22 Feb 2018
Pre- and Post-nuptial agreements
Prenups More Popular With Millennials
Prenuptial agreements, or "prenups," are on the rise among millennials and it isn't for the reasons you might think.
Historically, prenups have not been very popular; however, recent research has shown that they've seen an increase in popularity among millennials with more women in particular asking for them and it isn't for the reasons you might think.
Firstly, on average, people are getting married later or marrying for the 2nd or even 3rd time, so it can be important to protect previously acquired assets. Secondly, we're more exposed to divorce than ever before with 42% of marriages failing.
So, if you are thinking of getting married, then it important to consider the financial implications if the relationship should fail.
What is a pre nuptial agreement?
It is a legal agreement entered into prior to the marriage setting out how the couple intend their assets to be divided if they subsequently separate or divorce.
What can it do for me?
- It can protect previously acquired wealth or inheritance (non matrimonial property), for example family business interests etc.
- It can give certainly in allowing you to plan how the assets would be divided if the relationship were to fail and so saving money on costly litigation
- It clarifies how finances are dealt with during the marriage giving transparency
Will it be binding?
Currently they are not legally binding. In divorce proceedings, the court can still has override the pre-nuptial agreement when considering how to share the assets and income of a marriage. However, the court must consider the pre nuptial agreement as one of the ‘circumstances of the case’ along with all the other factors set out in s25 of the Matrimonial Causes Act 1973 which determine the division of assets on divorce.
In 2010, in the landmark case Radmacher v Granatino the Supreme Court considered pre nuptial agreements. The court said that if a nuptial agreement had been freely entered into by both parties, with full appreciation of its implications, then they should be held to it unless it would not be fair to do so.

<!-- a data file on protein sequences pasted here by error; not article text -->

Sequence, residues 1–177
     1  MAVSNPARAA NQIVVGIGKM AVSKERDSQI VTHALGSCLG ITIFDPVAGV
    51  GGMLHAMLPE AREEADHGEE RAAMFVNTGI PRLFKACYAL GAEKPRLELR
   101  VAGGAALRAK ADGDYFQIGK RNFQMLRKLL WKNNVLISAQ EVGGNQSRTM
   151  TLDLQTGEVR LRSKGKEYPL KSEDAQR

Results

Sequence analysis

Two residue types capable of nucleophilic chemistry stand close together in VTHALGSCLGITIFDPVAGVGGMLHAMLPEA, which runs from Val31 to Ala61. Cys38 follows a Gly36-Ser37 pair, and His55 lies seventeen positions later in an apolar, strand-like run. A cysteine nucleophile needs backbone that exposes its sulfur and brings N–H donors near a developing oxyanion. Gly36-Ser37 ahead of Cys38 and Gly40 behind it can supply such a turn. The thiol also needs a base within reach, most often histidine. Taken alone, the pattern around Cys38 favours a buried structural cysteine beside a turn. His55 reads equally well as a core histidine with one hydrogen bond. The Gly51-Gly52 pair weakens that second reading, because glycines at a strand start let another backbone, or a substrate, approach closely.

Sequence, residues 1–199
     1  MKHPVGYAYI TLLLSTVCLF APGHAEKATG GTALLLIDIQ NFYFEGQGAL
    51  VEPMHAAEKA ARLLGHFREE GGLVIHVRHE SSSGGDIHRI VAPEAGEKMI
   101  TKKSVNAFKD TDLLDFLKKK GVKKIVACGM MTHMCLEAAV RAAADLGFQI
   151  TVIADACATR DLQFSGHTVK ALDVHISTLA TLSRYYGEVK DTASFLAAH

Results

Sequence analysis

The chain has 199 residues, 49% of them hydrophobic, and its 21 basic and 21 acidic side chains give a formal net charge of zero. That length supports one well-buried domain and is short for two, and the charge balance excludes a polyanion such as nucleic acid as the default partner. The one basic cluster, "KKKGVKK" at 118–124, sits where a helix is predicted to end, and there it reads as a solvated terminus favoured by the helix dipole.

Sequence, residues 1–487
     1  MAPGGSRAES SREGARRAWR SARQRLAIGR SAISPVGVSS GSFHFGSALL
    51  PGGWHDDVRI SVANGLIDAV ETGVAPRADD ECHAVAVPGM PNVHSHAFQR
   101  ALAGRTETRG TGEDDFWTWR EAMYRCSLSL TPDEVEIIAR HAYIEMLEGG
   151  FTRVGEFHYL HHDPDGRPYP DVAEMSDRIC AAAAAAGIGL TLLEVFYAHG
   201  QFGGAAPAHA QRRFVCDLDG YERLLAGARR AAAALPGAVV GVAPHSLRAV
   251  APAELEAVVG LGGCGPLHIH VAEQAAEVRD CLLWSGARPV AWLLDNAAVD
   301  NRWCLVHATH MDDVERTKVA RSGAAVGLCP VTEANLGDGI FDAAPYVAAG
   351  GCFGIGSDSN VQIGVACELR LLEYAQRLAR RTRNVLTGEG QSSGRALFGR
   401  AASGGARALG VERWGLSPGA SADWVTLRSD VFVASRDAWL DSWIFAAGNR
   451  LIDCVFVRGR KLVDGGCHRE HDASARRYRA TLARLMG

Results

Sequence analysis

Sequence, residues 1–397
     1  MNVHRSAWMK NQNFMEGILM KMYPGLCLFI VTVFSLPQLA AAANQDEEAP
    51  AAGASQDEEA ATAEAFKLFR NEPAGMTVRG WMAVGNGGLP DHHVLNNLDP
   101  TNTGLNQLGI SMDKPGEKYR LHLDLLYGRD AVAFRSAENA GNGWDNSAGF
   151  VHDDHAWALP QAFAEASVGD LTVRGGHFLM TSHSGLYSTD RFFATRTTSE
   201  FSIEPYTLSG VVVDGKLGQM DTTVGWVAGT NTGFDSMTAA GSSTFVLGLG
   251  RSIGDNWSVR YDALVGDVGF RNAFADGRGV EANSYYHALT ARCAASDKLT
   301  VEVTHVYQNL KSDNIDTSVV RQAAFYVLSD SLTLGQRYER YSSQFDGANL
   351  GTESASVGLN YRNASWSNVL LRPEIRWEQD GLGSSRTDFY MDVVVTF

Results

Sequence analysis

In order to be fair:
- The agreement must be freely entered into without any duress, fraud, misrepresentation or one party exerting their dominant position over the other
- The parties must have a full appreciation of the implications, and whilst full and frank disclosure of finances is desirable, it is not essential if the party is aware of the full implications
- It must be fair to hold the parties to the agreement in the circumstances. It may not be fair for example if it prejudices a child of the family.
In order to determine whether fairness, the court will consider the parties' needs,compensation and sharing of assets.
If the pre nuptial agreement provides that assets be shared in a way that meets those criteria, then it is more likely that the court will uphold it in the event of a dispute. However if one party is left in need whilst the other is comfortably well off, it is unlikely to be seen as fair.
The Law Commission have been examining this difficult area of law since 2009.Their final report was published in 2014 together with a draft Bill. They propose that in future a nuptial agreement should be legally binding if it meets both parties’ financial needs and those of any children and complies with the following criteria:
- Valid - It must be contractually valid
- Formation - It must be validly executed as a deed
- Timing - It must not have been made within 28 days prior to the marriage
- Disclosure - Both parties must have received disclosure of material information about the other party’s situation when they entered into the agreement
- Legal advice- Both parties must have received legal advice at the time they entered into the agreement
This article provides an overview and is not intended to replace specific individual advice. Each situation is different and needs expert advice based on your particular circumstances.
For an initial discussion and more detailed advice contact:
Janice Leyland on 01905 727700 or email firstname.lastname@example.org.